These are but a few examples of the ways in which religious beliefs, which may or may not be our own, can affect the whole of a society. Those of us who like to think we are “rational” and “above” religion cannot dismiss these concerns as trivial and irrational. As Roger Stark and Rodney Finke (2000) note:
One need not be a religious person in order to grasp the underlying rationality of religious behaviour, any more than one need be a criminal in order to impute rationality to many deviant acts (as the leading theories of crime and deviance do) …. What we are saying is that religious behaviour – to the degree that it occurs – is generally based on cost-benefit calculations and is therefore rational behaviour in precisely the same sense that other human behaviour is rational. [p. 36]” (ibid, 182-3)
The world needs people who are trained in the intricacies and subtleties of religious belief and doctrine, who can understand and relate to people and not trivialize their concerns, and who can be there to advise, mediate and educate along the way. I am not saying that religion needs to be treated as sacred, as something which everyone has a right to and which cannot be interfered with by others, and I am certainly not saying that I am the person to do all of these things. What I am saying is that “Religious Studies” is a valuable subject of study, as valuable as any science or art, and that it is not only valuable, but absolutely necessary for the future co-operation, integration and progress of the human race as the world becomes smaller, and the stakes grow higher and higher.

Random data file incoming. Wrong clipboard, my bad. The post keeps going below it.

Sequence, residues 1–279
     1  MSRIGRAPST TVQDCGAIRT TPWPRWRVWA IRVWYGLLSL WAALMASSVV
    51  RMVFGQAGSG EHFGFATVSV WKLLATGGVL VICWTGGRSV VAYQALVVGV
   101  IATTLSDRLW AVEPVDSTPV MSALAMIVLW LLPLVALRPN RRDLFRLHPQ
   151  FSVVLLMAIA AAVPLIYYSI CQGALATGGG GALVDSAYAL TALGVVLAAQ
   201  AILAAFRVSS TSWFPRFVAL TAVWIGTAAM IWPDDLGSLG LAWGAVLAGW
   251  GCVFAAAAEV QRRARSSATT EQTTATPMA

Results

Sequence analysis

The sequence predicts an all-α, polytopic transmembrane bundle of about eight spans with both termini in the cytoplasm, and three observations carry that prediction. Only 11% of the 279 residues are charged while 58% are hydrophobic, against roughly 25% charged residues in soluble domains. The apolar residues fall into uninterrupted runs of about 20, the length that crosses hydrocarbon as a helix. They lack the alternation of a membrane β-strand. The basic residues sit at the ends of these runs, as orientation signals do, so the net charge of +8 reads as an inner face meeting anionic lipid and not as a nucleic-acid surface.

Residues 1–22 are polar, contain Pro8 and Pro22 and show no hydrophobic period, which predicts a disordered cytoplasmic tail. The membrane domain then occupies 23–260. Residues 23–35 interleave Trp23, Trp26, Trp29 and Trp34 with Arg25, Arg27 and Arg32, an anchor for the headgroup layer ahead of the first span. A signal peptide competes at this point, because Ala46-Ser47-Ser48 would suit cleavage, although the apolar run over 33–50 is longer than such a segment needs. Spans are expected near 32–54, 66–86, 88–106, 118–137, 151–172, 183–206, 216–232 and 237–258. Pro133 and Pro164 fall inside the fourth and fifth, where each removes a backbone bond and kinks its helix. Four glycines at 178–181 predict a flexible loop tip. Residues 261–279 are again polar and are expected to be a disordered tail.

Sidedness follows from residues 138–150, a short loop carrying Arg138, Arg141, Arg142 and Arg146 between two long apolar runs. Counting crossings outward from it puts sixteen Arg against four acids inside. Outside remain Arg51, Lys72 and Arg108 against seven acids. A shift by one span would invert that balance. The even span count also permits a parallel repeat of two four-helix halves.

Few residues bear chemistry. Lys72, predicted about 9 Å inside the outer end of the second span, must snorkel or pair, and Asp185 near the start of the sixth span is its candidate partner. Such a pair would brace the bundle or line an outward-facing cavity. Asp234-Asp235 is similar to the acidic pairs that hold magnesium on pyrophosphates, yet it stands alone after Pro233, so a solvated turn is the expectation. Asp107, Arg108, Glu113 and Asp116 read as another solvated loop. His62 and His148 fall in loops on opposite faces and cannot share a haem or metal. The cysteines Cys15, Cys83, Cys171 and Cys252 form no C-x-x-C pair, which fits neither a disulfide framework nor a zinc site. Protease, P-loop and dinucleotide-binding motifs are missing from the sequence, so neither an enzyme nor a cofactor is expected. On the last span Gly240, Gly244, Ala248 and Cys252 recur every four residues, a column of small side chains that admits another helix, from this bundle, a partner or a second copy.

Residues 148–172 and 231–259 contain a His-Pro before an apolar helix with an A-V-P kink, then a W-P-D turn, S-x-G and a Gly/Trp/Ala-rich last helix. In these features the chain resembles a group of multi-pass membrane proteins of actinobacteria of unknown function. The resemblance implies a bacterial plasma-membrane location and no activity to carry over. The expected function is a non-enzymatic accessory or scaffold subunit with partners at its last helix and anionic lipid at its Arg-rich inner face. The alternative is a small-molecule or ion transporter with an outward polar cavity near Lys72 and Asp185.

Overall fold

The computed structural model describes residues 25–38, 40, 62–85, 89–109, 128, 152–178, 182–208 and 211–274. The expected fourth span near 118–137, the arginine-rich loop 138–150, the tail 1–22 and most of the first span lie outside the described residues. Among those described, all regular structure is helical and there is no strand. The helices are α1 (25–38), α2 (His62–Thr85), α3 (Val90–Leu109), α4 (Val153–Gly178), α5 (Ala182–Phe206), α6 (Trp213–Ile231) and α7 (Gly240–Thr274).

I promise there’ll be a joke in my next post…